It just so happened to coincide where Buick had just made their announcement that they were not gonna extend their contract. But, man, this is special. I mean, it's near and dear. I'm a west by God stand up and shout. It's where my roots are.
But he lives and breathes it. I left here many, many years ago and don't get back very often. But it's really good to be here.
Q. And to see this day come to fruition, Mr. Justice...
SLUGGER WHITE: Jim.
Q. To see this day come to fruition and to have a brother from the state to help make this happen, it's got to be almost...
JIM JUSTICE: No, it's really good. It's really good. I mean, you can't imagine really how I feel. It's a lot emotions. But really and truly, to just think -- you know, you see, I'm the guy that's ate up with West Virginia and truly loves our state and believes in our people and think that we're a people that are caring and loving and warm.
Just think of our state. I mean, all the fabulous grandeur of our state and just the four beautiful seasons, the infrastructure, low crime rate, all those great things. And a lot of times, at the end of the day, we may be on the short end of the stick.
To be able to sit here with Slugger White, I mean, in all honestly, I don't tell him this, but, you know, when I was probably eight or nine and Slugger was 11 or 12 -- maybe I was ten and Slugger was 12 and he was shooting 71s and 72 at Black Knight Country Club, believe it or not, he was the guy we were all chasing.
To be able to sit here with him and to be able to do this to see all the greatness just unfolding, it's really an emotional time. It's a lot of the emotions going on. It's really good.
Q. Mr. Justice and Mr. White, just for some background here, do you remember how you met? When you met? And did it have anything to do with golf?
JIM JUSTICE: It was a terrible mistake. No. (Laughing.)
SLUGGER WHITE: Been trying to live this life forever.
JIM JUSTICE: I guess really, you know, golf and Black Knight Country Club really brought us together. Slugger would tell you that as kids, neither one of us could have afforded to come here.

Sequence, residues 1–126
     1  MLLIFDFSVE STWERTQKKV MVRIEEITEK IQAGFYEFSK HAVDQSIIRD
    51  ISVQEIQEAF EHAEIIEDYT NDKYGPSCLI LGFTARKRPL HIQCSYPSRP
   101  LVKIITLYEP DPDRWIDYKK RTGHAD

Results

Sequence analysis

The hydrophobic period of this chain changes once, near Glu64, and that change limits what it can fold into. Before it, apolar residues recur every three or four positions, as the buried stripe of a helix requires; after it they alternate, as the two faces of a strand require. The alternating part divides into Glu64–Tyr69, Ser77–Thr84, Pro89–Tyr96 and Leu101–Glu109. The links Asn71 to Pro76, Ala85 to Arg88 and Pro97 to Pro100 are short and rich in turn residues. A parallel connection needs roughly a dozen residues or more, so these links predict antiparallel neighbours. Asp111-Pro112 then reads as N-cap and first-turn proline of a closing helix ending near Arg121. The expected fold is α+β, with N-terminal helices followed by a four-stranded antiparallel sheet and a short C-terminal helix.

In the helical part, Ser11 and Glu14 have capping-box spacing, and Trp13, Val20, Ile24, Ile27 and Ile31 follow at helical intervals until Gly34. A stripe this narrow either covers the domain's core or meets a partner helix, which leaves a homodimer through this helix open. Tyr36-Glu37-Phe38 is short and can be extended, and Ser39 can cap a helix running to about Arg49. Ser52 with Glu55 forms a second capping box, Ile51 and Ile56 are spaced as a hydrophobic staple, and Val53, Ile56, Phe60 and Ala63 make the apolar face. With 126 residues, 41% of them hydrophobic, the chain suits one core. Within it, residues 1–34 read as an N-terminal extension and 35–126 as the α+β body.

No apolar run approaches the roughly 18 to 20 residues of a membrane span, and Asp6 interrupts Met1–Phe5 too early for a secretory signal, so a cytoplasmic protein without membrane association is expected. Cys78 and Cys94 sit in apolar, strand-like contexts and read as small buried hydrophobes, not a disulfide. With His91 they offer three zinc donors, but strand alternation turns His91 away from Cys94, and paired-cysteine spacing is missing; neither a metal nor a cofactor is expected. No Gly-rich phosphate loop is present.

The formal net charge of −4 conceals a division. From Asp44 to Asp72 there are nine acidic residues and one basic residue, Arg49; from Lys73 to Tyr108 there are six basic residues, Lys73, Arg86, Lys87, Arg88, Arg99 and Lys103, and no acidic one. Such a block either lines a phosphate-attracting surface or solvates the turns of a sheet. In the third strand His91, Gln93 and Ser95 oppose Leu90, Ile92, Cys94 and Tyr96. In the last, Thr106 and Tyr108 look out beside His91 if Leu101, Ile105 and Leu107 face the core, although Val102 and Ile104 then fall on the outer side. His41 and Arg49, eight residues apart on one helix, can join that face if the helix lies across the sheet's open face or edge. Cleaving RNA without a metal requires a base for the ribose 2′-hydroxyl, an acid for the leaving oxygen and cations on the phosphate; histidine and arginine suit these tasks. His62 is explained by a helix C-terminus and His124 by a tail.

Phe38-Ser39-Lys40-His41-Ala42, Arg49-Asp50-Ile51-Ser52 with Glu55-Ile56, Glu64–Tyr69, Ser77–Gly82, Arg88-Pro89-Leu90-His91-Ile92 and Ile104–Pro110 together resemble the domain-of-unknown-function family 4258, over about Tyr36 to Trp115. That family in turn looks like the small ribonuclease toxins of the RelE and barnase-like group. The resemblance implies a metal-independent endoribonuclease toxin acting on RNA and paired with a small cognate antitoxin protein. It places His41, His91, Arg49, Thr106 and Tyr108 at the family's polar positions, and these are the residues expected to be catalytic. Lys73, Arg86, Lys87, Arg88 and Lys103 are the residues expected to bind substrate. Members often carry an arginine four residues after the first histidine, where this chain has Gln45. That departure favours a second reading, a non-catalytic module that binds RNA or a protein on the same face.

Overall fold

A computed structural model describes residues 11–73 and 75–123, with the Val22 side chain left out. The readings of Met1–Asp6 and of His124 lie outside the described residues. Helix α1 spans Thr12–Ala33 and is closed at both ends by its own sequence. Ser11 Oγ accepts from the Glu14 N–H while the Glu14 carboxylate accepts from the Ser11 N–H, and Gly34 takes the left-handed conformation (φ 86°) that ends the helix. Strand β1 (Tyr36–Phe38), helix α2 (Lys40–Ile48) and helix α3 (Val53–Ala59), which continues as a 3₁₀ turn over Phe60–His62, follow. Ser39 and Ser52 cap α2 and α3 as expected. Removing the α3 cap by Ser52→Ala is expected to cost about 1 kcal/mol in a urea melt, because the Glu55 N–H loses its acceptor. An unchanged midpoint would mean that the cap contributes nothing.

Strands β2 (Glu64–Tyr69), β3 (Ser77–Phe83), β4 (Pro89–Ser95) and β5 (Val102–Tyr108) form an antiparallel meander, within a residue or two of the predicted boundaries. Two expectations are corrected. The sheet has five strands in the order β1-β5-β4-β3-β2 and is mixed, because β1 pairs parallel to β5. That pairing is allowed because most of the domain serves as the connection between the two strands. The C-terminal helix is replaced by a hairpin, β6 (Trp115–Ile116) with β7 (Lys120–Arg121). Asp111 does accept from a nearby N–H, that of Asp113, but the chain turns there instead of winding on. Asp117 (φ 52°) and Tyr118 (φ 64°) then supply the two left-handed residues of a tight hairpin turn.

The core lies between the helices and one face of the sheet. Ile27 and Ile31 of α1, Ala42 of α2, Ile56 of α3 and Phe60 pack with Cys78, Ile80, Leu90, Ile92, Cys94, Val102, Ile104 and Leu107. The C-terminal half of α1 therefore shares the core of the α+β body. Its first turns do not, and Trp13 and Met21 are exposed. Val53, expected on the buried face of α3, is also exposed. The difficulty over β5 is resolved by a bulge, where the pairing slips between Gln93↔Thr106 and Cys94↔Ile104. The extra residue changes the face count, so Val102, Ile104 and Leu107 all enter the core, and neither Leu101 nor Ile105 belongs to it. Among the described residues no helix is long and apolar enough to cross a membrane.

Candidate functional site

But Slugger's dad was an athlete, and then my have dad took up golf. He played football at Purdue. Slugger's dad was a great boxer, too, of all things. My dad played some football for Perdue University and everything, good athlete, and they started playing golf together. All of a sudden we just kind of tagged along.
Then we started playing every day, and we probably ended up with the greatest golf team in the history of all-time. I mean, I don't know if you know this or not, but I've gone back and checked. We were 218 and 0 when we went to the state tournament. So, you know, we were a real golf team.
We had Slugger who went on to OU; I went to Tennessee, Bill Martin went to (indiscernible); Mike Luchini went to West Virginia, and Gary (indiscernible) did, too. So to think of a golf team, a high school golf team that ends up with those kind of players that went it those places and played, that's pretty impressive.
I don't really know exactly how we met, but Slugger really and truly was a mentor to me.
SLUGGER WHITE: I didn't think you would ever say something like that, Jimmy.
JIM JUSTICE: It's really hard, Slugger. I'm telling you, it's really, really dog tough.
SLUGGER WHITE: I know it is. The truth comes out every now and then.
JIM JUSTICE: Every now and then.
SLUGGER WHITE: That's right.
Q. Can you just tell a story about the other one, your favorite story from when you were growing up?
SLUGGER WHITE: I could, but I don't think we'll be able to print it.
JIM JUSTICE: I can.
SLUGGER WHITE: I know Jimmy can.
JIM JUSTICE: Okay, this is true. We played -- we literally, in the summer, played 54 holes a day. We would start at 8:00 in the morning and play till dark. We would carry our bags and probably were a nuisance to a lot of the members, but we played all day.
Slugger was really strong. I was really skinny, believe it or not. You know, I've blossomed a little bit. But, I mean, I was really thin and everything. Well, we were probably 13, maybe 12 and 14. At that time, both of us could shoot par. We could play. We really got -- I mean, I really probably played the best golf of my life from when I was 15 to 19.
But anyway, Slugger was strong and everything. I found a rock. It probably weighed about eight pounds. I put it in the bottom of Slugger's bag, and he carried it all day and everything. Carried it all day.
We got to the 18th hole, and Black Knight is hilly. I mean, it's up and down, up and down. He started to head up the last little hill, and I just said, Hey, Slugger, why don't you take that rock out of your bag?
He turned his clubs upside down, and fup, fup, fup, out rolls the rock. Well, I took off running, because I mean, he could have beat me like a dog. (Laughing.)
But, yeah, we had a lot of fun together. We really did.
Q. Isn't is it kind of amazing to think about back then and what you're doing now?